MINNEAPOLIS (WCCO) — The Schwan’s USA Cup has been going on for three decades, drawing teams from around the world to Minnesota.

But organizers are taking some different precautions this year.

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They have three team doctors in place to look closely for concussions, which are a bigger problem in soccer than you might think.

There have actually been several concussions Thursday at the USA Cup. For some prospective, this is the world’s most popular sport – and it is one of the absolute worst when it comes to concussions.

Thomas Adams plays goalie for the Lakeville Lightning Soccer Club. Amidst the mega tournament of the summer, he didn’t expect to be riding the bench.

“I didn’t play yesterday and I can’t today,” Adams said.

The devoted player got a concussion two days ago as he and a player from Rio de Janeiro went in for a ball, giving him less of a chance to show off his tournament hair.

“It hurt, like right after it … I was on the ground, I couldn’t move for like the first five seconds, so it hurt,” he said.

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His club was right by his side.

“He was complaining about headaches, so we definitely needed to get it checked out before we allowed him to play and it’s a good thing we did, definitely upped my awareness of head injuries and concussions,” Lakeville Lightning Assistant Coach Matt Branscomb said.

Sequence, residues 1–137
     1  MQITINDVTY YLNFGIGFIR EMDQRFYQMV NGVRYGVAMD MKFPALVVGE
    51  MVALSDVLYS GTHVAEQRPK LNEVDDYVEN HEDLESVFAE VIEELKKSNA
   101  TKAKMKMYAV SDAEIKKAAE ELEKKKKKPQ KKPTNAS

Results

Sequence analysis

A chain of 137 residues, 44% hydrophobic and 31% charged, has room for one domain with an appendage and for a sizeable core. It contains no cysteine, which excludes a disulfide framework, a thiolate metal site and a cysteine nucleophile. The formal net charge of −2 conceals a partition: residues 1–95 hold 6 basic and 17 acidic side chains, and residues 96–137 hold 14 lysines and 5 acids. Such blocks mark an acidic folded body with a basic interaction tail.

Dr. Jamie Peters of Allina Health Sports Medicine — a soccer player himself — is one of three team doctors keeping an extra eye on this year’s players. If anyone takes a hard hit to the head, they go in for a full concussion evaluation.

“Every day, every half day, we’re seeing concussions,” Peters said. “Soccer is a high-velocity sport and … it’s inevitable that there will be head injuries that lead to concussion. A knee or elbow to someone’s head can certainly cause a concussion. It’s that jostling of that brain within the skull that leads to concussion.”

Dr. Peters says players should protect their head space by keeping their arms up whenever they are close to another player. And be aware of concussion symptoms like confusion, fogginess or headaches.

“Next time, I’ll try not to get kneed in the back of the head,” Adams said.

Dr. Peters says concussions in soccer mostly come from contact with another player, the ground or goal posts.

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He says if you think there may be chance you have a concussion, it is essential to sit on the sidelines. The real damage comes when someone with a concussion gets another one. Get checked out with someone in sports medicine or someone who is specifically educated in concussions.

Susan-Elizabeth Littlefield